Oxfam Hunger Banquet Claire Mathiowetz Staff Writer Students from the International Meeting and Convention Planning class at the University of Wisconsin–Stout are working together to help the local community. The students of this class, who are part of the Hotel, Restaurant and Tourism major, are throwing a banquet to raise money for those who are less fortunate. Each year, those who are enrolled in the International Meeting and Convention Planning class plan a fundraiser to help many different organizations. This year, the students decided to put on an Oxfam Hunger Banquet to help fight hunger in the Menomonie/Eau Claire area. Oxfam America is an “international relief and development organization that creates lasting solutions, that fight to end the crisis of poverty, hunger, and social injustice. Together with individuals and local groups in more than 90 countries,” according to the organization’s website. This is the second year that the Oxfam Hunger Banquet has been hosted, but this year all proceeds are going to the Eau Claire Area Hmong Mutual Assistance Association (HMAA) to help reduce poverty and hunger locally, instead of just to Oxfam directly. “The Eau Claire Area HMAA helps first and second generation Hmong families with hunger locally, and the organization also helps with employment options and education and language barriers,” said Kelsey Penrod, who is taking part in the event this year. The banquet will be held Tuesday, March 6 at 2:30 p.m. in Micheels Hall, room 184. The tickets are $5 and can be purchased from anyone in the class or at the door. At the banquet, people will be divided into three different types of tables: high income, who receive a full meal; middle income, who receive half of that meal; and low income, who receive only a little bowl of rice. This is to get everyone to experience what hunger could be like. There are also activities based around world hunger, video clips and speakers there to share about poverty and hunger in the area. “I’m looking forward to helping this great cause, especially since we’re going to be helping locally. It really makes an impact, so everyone should come and help out.” said Penrod.

UW-Stout students are helping to collect bountiful funds for community members in need.

Andrew Schneider/Stoutonia

Mar. 1 - Mar. 14, 2012



Bike incident trial

Jessica Christiansen Staff Writer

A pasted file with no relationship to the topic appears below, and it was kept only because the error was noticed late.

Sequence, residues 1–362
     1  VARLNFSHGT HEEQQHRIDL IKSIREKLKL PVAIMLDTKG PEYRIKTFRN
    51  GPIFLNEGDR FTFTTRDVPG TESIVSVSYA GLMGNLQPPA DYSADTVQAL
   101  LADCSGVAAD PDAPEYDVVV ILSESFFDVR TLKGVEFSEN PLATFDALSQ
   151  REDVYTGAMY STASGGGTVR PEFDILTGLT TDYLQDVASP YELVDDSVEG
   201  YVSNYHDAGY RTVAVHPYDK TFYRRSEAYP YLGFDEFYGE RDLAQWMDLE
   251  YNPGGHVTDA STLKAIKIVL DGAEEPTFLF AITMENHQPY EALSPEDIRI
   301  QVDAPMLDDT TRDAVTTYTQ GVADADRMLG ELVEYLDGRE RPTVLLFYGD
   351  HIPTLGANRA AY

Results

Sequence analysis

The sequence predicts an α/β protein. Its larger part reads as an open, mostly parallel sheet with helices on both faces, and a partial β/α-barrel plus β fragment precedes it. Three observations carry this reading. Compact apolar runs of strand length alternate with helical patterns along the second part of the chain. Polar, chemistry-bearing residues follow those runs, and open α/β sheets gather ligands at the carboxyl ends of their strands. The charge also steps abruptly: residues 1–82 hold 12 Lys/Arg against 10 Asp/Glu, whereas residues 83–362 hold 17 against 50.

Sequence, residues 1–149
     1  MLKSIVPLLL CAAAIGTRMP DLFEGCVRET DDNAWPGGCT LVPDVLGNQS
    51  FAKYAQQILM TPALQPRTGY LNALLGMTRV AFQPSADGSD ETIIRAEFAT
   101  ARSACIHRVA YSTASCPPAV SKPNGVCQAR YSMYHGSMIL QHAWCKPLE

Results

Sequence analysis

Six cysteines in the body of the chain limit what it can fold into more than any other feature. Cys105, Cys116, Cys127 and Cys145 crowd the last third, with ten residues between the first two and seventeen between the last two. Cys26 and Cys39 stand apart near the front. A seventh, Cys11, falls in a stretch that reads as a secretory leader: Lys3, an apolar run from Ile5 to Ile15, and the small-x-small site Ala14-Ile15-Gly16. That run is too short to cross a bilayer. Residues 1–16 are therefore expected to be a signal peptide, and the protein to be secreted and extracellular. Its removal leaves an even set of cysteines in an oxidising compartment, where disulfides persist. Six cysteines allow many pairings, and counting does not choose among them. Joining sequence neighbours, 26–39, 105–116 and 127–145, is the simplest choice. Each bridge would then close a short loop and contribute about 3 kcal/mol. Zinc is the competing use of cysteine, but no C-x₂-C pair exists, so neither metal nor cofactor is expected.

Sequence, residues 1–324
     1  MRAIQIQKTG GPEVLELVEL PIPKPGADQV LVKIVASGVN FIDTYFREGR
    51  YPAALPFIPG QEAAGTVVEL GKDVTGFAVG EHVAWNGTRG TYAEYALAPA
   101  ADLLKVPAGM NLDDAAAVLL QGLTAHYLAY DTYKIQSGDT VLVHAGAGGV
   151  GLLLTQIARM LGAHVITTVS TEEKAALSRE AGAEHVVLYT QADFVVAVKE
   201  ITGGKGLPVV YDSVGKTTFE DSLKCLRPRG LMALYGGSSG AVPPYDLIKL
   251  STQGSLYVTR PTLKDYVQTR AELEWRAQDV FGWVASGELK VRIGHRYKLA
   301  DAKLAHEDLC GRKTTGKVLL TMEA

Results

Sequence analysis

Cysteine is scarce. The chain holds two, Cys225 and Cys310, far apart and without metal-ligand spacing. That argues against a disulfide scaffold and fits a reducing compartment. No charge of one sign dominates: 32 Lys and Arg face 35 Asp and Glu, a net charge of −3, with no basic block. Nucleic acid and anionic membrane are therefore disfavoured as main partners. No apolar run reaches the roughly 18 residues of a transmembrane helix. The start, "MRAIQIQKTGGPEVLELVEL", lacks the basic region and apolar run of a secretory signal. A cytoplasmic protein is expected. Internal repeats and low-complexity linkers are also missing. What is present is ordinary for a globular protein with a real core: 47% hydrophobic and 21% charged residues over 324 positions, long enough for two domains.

On Feb. 17, McGlasson was sentenced by Dunn County Judge Rod Smeltzer to serve 90 It’s been nearly a year and a half since for- days of jail time, one year of probation, 200 mer student Bradley Simon was involved in an hours of community service, pay court costs incident at the Menomonie Log Jam tavern, of $243 and participate with the Simons famwhich resulted ily in the county’s in his death. Forrestorative justice mer University of program. “I would “The most emotional part of the Wisconsin-Stout have thought sentencing was when Kathy Sihockey players more years in jail, Jared Britton and I know there are mon (Bradley Simons Mother) Jedidiah R. Mcpeople that spend Glasson found addressed Jedidiah and shared longer times in themselves in for having that Brad’s death had turned her jail an unanticipated DUI’s or people situation in the life upside down and talked about go to prison for beginning of the of the last memories of her son in the possession 2010 school year: drugs and they they were facing didn’t kill anyhospital.” charges of beone,” said Chrising party to the topher Schuelke, a crimes of aggrafriend of Bradley -Barbara Lyon vated battery and Simon. “Whether felony murder of you meant to kill Bradley Simon. someone or not, you still did.” If McGlasson Due to an altercation that occurred inside serves 30 days of jail time and completes his of the Log Jam tavern in the early morning of community service hours along with the Sept. 18, 2010, Simon, McGlasson and Britton restorative justice by Nov. 30, were asked to leave the premises. After leav- he will not be required to ing the premises, McGlasson and Britton were serve the remaining jail accused of chasing and pushing Simon off a time. “It was very emostolen bicycle, which in result caused Simon tional for the Simon famto crash into a concrete wall in the 200 block ily because there was the of West Main Street. Simon suffered traumatic trial for Jerad Britton, head injuries from the collision and was air- where he was acquitted lifted from the Red Cedar Medical Center in previously so they alMenomonie to Luther Hospital in Eau Claire, ready started suffering Wis. where he died five days later on Sept. 23. the anguish and I don’t Britton was acquitted of all charges in July think this was much of 2011 and McGlasson’s murder charges were easier,” said Editor dropped in November in an agreement of a plea of the Dunn Counand pleaded no contest to criminal disorderly ty News, Barbara content, a Class B misdemeanor. Lyon, who attended